Motion planning and trajectory based controller synthesis for optimal and correct system behaviors

Authors
Saha, Sayan
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Other Contributors
Julius, Anak Agung
Wen, John T.
Wu, Wencen
Mishra, Sandipan
Issue Date
2017-12
Keywords
Electrical engineering
Degree
PhD
Terms of Use
Attribution-NonCommercial-NoDerivs 3.0 United States
This electronic version is a licensed copy owned by Rensselaer Polytechnic Institute, Troy, NY. Copyright of original work retained by author.
Full Citation
Abstract
This dissertation is primarily focused on synthesizing control and motion plan that guarantee correct system behaviors while optimizing a performance objective. In the approaches presented here, the correct system behaviors are defined in terms of safety/reachability specifications and temporal logic specifications. Safety/reachability specifications involve requiring the system to avoid a set of unsafe states at all times and reach a set of goal states within a specific amount of time. Temporal logic specifications extend these system behaviors to more complex specifications such as the system is required to visit different sets of states in a specific order and at specific times.
Finally, we extend the MILP motion planning approach from a single-agent system to a multi-agent system, where multiple individual agents need to cooperate to realize a group MTL task. We solve this problem by proposing a semi-decentralized approach, where each agent solves its own MILP problem locally, in parallel to all other agents. This leads to a speed-up in the execution time for finding the individual trajectories for each agent, so that the motion planning approach can be implemented in real-time, in a dynamically changing environment.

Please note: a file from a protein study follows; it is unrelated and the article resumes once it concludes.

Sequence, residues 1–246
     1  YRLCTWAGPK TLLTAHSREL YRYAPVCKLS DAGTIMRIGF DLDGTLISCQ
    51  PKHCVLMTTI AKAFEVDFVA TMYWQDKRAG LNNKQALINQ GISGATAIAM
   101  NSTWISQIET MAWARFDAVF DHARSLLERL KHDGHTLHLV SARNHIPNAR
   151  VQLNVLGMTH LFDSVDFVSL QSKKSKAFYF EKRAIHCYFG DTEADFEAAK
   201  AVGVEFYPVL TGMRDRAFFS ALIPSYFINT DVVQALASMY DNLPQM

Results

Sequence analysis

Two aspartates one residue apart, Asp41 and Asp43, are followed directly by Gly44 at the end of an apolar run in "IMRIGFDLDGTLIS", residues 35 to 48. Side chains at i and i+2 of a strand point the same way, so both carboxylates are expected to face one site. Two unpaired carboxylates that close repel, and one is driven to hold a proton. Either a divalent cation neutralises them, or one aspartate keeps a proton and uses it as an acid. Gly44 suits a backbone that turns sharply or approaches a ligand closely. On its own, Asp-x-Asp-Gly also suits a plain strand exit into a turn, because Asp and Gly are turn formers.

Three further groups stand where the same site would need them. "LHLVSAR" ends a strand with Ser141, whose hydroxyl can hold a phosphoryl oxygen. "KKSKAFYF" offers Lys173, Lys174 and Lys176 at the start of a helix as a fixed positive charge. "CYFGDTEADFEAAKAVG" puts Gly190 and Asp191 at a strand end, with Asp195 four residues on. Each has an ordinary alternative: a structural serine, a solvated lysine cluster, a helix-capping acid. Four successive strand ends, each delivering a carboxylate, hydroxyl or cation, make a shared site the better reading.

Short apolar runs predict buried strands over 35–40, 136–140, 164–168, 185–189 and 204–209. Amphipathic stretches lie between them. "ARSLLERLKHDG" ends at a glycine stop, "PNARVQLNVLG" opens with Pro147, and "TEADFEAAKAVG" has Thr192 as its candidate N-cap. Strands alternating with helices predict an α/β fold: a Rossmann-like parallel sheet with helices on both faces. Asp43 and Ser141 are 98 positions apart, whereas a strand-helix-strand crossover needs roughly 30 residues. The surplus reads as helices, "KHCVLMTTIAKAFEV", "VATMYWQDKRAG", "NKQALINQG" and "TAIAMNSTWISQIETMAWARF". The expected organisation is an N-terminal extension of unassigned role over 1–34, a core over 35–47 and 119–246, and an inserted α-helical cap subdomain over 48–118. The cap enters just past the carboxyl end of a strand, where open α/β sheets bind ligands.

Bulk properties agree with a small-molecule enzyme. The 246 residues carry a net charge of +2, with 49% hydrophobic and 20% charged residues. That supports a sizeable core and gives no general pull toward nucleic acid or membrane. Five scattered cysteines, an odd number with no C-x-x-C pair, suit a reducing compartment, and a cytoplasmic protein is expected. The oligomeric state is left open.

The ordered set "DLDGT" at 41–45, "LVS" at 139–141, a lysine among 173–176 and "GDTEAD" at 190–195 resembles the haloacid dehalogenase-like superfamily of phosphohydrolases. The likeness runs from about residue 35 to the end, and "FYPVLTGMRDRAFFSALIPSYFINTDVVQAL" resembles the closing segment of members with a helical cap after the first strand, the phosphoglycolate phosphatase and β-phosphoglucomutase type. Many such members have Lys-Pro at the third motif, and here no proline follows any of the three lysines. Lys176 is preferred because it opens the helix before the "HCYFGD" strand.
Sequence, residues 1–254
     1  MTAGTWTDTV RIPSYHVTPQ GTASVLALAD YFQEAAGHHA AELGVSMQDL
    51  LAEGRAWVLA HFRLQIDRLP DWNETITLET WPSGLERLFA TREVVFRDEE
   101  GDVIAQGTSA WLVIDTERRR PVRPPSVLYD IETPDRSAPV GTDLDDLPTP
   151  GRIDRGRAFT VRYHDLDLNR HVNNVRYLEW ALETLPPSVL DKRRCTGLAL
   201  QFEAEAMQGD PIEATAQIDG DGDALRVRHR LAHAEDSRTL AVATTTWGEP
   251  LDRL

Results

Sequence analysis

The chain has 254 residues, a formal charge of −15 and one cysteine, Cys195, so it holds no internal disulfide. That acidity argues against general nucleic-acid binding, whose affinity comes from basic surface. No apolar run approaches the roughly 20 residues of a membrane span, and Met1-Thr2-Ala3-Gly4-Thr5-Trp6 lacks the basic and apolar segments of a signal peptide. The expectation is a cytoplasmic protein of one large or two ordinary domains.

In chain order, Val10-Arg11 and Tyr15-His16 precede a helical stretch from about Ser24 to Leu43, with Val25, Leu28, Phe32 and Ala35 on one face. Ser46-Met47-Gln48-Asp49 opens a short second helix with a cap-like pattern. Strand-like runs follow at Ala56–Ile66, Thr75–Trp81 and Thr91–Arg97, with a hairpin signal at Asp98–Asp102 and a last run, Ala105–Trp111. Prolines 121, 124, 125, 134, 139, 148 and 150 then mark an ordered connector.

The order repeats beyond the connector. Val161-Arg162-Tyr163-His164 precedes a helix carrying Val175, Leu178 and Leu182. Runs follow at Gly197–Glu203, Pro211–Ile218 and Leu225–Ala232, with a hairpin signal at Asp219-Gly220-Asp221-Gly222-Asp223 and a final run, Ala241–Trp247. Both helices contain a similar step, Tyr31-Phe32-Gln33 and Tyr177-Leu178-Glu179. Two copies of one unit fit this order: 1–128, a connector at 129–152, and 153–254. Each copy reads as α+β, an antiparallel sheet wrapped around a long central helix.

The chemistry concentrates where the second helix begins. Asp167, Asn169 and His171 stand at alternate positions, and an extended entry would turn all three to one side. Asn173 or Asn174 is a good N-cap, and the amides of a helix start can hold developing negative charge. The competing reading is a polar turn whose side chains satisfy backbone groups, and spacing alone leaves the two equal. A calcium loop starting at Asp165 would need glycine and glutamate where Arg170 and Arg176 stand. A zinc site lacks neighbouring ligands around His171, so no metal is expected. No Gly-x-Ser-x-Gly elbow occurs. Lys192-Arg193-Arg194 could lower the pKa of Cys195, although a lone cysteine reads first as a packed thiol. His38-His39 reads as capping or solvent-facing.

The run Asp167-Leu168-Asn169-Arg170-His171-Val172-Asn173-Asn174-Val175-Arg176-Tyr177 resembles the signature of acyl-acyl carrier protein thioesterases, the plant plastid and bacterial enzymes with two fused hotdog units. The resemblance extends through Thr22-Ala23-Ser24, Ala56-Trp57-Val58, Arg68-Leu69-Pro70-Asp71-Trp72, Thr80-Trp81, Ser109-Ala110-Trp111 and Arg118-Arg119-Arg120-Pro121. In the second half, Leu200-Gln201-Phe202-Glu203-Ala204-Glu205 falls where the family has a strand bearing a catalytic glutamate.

To account for any general nonlinear systems, we also propose a gradient-search based optimization algorithm for motion planning to satisfy MTL specifications. Both the MILP method and this one are capable of minimizing (maximizing) a desired performance criteria. We showcase the usefulness of these approaches in real-world applications, by solving a task and motion planning problem for a manipulator arm for an object rearrangement task. We use a hierarchical framework, where at the high-level the MILP method is used to find proper sequences of movement of the manipulator arm. At the low-level the gradient-based method finds the actual control inputs to realize the arm movement sequence.
We then develop a motion planner based on Mixed-Integer Linear Programming (MILP) approach such that given a system whose dynamics can be represented with linear equations and desired system specifications in terms of Metric Temporal Logic (MTL) formula or simpler reach-avoid specifications, the motion planner finds a system trajectory that satisfies the specifications, even in dynamically changing environments. In this work, the end goal is to be able to find such trajectories in real-time such that if the environment of the system is changing dynamically in the run-time, the system can still satisfy its desired task specifications given by the MTL formula.
To solve the safety/reachability control problems we propose to use the concept of trajectory robustness that provides a robust neighborhood around any nominal trajectory of the system satisfying the given safety/reachability specification. If the system is initialized within the robust neighborhood of the nominal trajectory, we can apply the same control input as the nominal trajectory and the resulting system trajectory is guaranteed to always stay within the robust tube defined by that nominal trajectory and its neighborhood. As a result, the new trajectory also satisfies the safety/reachability specifications.
Description
December 2017
School of Engineering
Department
Dept. of Electrical, Computer, and Systems Engineering
Publisher
Rensselaer Polytechnic Institute, Troy, NY
Relationships
Rensselaer Theses and Dissertations Online Collection
Access
CC BY-NC-ND. Users may download and share copies with attribution in accordance with a Creative Commons Attribution-Noncommercial-No Derivative Works 3.0 License. No commercial use or derivatives are permitted without the explicit approval of the author.